As we all know, protected health information (PHI) is some of the most sensitive information there is, and it's crucial that steps are taken to keep it safe from prying eyes. In this blog post, we'll take a look at some of the best ways to secure PHI from cybercrime.
What is PHI?
PHI is any information about an individual’s health that can be used to identify them. This includes things like medical records, test results, and prescription information. PHI is considered sensitive and confidential, and is subject to strict privacy laws. These laws are designed to protect patients and ensure that their health information is only shared with those who need to know it. However, there are some exceptions, such as when PHI is needed for research purposes or to comply with court orders. In general, though, individuals have the right to keep their PHI private.
How to secure PHI
Securing PHI can be a daunting task. But by following these best practices, you're one step closer to preventing a cyberattack.
1. Hold regular security training
According to the 2022 Verizon Data Breach Investigations Report, 82% of breaches are attributed to human error, social engineering attacks, or misuse. With the healthcare industry under constant threat, it's essential for healthcare organizations to provide ongoing data security training to their employees. Data security training should be done on a regular basis, and it is important to cover all of the ways that data can be breached by hackers. It’s also crucial to educate your employees about current cyberthreats and how to spot them, and to make sure they are up to date on the latest security advancements.
2. Restrict access to authorized personnel only
Keep your files and documents safe by permitting only authorized people to access PHI. You should also grant employees access only to the PHI they need to perform their tasks to ensure that sensitive information is not shared unnecessarily. For example, accountants should not be able to see information about a patient's health condition in the same way that physicians should not have access to patients' billing information.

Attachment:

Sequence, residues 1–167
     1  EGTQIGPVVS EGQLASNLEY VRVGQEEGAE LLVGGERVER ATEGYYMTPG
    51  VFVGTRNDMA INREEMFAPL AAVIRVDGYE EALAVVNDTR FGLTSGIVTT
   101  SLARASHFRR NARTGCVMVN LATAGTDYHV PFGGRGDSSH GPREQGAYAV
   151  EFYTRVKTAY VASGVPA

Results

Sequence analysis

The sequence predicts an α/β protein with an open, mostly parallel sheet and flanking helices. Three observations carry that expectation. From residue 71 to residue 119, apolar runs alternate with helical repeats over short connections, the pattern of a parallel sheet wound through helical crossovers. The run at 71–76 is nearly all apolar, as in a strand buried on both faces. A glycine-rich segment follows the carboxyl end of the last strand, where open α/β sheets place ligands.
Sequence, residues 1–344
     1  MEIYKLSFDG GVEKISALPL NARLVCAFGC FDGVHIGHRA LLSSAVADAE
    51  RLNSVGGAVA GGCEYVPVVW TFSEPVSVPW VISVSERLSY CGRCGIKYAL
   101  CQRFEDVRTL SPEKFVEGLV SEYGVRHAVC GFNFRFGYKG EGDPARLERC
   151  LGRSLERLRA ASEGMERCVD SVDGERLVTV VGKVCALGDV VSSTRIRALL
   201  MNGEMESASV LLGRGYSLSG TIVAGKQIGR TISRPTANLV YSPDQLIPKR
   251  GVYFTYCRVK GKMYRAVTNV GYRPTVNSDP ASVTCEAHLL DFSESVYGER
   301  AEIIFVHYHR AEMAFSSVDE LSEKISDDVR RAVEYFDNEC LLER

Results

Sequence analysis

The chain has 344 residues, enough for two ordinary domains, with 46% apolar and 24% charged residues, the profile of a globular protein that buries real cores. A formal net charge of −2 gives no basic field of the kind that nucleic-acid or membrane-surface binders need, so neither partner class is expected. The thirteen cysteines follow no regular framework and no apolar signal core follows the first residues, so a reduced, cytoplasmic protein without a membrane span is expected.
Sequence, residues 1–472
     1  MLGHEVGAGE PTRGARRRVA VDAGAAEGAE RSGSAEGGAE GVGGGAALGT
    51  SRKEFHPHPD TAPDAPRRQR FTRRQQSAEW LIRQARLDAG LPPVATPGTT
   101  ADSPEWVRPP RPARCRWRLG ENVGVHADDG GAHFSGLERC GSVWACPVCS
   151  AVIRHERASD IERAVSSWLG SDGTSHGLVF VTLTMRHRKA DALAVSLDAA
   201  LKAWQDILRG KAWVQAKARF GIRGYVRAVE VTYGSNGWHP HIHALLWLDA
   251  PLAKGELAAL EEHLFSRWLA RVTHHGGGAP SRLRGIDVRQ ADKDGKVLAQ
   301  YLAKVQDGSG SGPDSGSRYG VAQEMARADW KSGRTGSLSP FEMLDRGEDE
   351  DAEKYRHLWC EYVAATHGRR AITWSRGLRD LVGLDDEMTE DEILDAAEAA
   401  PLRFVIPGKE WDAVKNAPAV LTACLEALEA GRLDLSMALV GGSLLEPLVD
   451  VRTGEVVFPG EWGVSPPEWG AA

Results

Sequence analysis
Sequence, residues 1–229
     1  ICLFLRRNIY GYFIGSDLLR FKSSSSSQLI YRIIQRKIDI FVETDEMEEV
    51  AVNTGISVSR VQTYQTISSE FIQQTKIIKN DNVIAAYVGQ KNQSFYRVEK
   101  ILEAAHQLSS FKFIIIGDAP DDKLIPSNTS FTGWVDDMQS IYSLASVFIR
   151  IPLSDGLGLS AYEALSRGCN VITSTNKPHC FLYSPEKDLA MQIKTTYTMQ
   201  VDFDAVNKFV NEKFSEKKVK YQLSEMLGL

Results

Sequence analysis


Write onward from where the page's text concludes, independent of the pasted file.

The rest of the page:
And in the case where employees do manage to gain access to unauthorized data for no valid reason, management should hold them accountable. Together with providing routine cybersecurity training to employees, this can help cut down the likelihood of data breaches due to internal threats.
3. Deploy strict physical security measures
Although electronic health record systems are now used widely, some healthcare organizations still prefer to use paper-based records or PHI, which they store in cabinets. If you’re one of these companies, keep your paper-based records safe by adding security cameras and deploying card entry systems to the areas of your facility where records are kept. Furthermore, you should require personnel to log out and promptly return all records with sensitive data that they access.
4. Create a secure infrastructure and network environment
Malware is a type of software that is designed to damage or disable computers and computer systems. Attackers can use malware to steal personal information, delete files, or damage hardware.
Malware is a threat to both individuals and organizations, so it's crucial to build an IT infrastructure that can withstand malware attacks. It's ideal to set up security measures such as advanced firewalls, intrusion prevention systems, and email filtering software. Another way to further protect your network and PHI from hackers is by implementing network segregation and segmentation.
If malware does manage to find its way into your network, stop it from spreading further by deploying advanced anti-malware software. This software seeks out and eliminates any signs of a breach, giving you time to rectify the issue before it snowballs into something worse. And in the event of a system failure, you must have a data backup and recovery plan so that you can still attend to your customers' needs.
5. Leverage full-disk encryption
Full-disk encryption is a data security method that encrypts all of the information on a hard drive or other storage devices. The information that’s encrypted includes the operating system, applications, user data, and free space. The encryption process uses a mathematical algorithm to scramble the data so that it is unreadable without the correct key. Full-disk encryption can prevent unauthorized access to data even if the physical device is stolen or lost.
It is critical for businesses to take the necessary precautions to ensure that PHI is protected from unauthorized access, use, or disclosure. If you're interested in learning more about securing your PHI and other digital assets, don't hesitate to reach out to us today.